Definitions

from Wiktionary, Creative Commons Attribution/Share-Alike License

  • n. Alternative spelling of Halacha.

Etymologies

Sorry, no etymologies found.

Examples

  • Both Judaism and Islam are guided by religious law in Judaism called halakha, in Islam called sharia.

    Rabbi Michael M. Cohen: Nature Without Borders

  • But there are hundreds of thousands of traditionally observant American Jews who adhere to a system of religious law halakha and questions about their loyalty have long ceased being tolerated.

    Joshua Stanton: Islamophobia: Increasingly Ordinary And Therefore Most Terrible

  • Should I try a session on Crusades and Medieval persecution or one on what do when halakha and ethics collide?

    Danna Harman: What I Learned At Limmud

  • The mission of JOFA is to expand the spiritual, ritual, intellectual and political opportunities for women in Orthodox Jewish life within the framework of halakha [Jewish law].

    Jewish Orthodox Feminist Alliance

  • Elsewhere, Prothero calls the 16th-century work the Shulchan Aruch (literally, "set table") the "most authoritative collection of halakha (Jewish 'law' or 'way') after the Talmud."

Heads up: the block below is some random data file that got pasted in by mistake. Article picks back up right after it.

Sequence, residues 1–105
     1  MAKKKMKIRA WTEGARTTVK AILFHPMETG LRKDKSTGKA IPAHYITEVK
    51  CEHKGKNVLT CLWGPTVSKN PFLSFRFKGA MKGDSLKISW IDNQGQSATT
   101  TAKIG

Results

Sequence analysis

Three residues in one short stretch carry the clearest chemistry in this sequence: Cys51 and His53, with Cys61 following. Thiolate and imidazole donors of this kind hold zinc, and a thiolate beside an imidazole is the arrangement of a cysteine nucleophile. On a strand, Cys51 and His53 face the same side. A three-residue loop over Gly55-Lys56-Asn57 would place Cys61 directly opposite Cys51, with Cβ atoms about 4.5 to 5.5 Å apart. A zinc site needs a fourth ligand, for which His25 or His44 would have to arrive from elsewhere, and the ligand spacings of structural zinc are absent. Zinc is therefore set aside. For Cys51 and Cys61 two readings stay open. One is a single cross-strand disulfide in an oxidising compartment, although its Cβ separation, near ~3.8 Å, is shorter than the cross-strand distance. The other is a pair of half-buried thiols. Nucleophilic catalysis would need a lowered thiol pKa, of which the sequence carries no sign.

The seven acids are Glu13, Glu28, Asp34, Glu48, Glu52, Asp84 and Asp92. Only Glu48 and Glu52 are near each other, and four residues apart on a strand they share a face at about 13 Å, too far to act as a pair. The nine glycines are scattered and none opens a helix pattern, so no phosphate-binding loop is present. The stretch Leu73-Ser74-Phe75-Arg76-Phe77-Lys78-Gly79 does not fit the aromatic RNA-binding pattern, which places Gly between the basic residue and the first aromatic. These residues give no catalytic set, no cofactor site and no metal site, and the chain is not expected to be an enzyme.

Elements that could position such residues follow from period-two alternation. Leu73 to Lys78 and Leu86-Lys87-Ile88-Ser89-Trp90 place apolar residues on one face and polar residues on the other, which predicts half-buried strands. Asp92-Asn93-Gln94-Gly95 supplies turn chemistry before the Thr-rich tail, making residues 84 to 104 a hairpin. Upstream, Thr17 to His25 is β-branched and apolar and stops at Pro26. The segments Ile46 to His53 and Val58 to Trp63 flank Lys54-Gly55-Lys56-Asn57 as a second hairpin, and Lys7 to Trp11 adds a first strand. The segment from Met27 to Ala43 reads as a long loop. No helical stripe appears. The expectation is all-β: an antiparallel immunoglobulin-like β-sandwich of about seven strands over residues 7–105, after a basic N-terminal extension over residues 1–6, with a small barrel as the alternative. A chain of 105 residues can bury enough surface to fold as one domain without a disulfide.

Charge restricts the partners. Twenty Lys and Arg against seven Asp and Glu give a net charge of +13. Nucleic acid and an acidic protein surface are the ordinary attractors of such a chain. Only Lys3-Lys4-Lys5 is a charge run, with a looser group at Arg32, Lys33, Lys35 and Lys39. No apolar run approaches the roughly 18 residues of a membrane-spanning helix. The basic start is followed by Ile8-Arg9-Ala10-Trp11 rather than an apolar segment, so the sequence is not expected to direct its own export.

Menachem Wecker: Stephen Prothero's Jewish Problem

  • For Orthodox couples, this first year is often a struggle to navigate the two weeks on, 12 days off cycle of physical intimacy mandated by halakha, or Jewish law.

    Despite Much to Kvetch About, They're Happy

  • It used to be, and still is in some Jewish circles, that a sharp distinction was made between praxis (halakha, torah observance) and belief (orthodoxy).

    The Inerrancy of Ecclesiastes 9:2-6

  • However, she rejected halakha [Jewish law] until her daughter wanted an observant home.

    Norma Fields Furst.

  • She names important women who, though not holding the title “rabbi,” fulfilled rabbinical functions, most specifically as decisors of halakha.

    Regina Jonas.

  • Women who complete this rigorous program, which is akin to a program of rabbinic ordination granted within the Orthodox community, receive a certificate of recognition for dedicating three years to the intensive and advanced study of Talmud and halakha (Jewish law).

    Drisha Institute for Jewish Education.

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